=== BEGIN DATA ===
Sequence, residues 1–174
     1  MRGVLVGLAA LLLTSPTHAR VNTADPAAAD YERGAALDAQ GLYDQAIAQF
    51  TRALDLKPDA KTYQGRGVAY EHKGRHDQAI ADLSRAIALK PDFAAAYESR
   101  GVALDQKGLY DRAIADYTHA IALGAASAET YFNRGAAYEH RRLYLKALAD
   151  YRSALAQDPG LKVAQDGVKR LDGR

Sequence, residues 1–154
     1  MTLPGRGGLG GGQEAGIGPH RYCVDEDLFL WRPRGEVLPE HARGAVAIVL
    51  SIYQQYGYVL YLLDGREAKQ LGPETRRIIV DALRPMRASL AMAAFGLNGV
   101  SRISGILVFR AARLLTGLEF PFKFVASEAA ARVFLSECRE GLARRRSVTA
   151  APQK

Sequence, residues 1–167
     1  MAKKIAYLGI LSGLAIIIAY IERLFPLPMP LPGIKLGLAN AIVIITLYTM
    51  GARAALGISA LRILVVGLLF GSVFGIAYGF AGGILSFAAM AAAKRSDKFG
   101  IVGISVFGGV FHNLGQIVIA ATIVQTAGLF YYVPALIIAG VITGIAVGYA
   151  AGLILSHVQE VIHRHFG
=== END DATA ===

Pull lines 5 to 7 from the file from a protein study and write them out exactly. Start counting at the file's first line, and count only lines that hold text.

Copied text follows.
   151  YRSALAQDPG LKVAQDGVKR LDGR

Sequence, residues 1–154
     1  MTLPGRGGLG GGQEAGIGPH RYCVDEDLFL WRPRGEVLPE HARGAVAIVL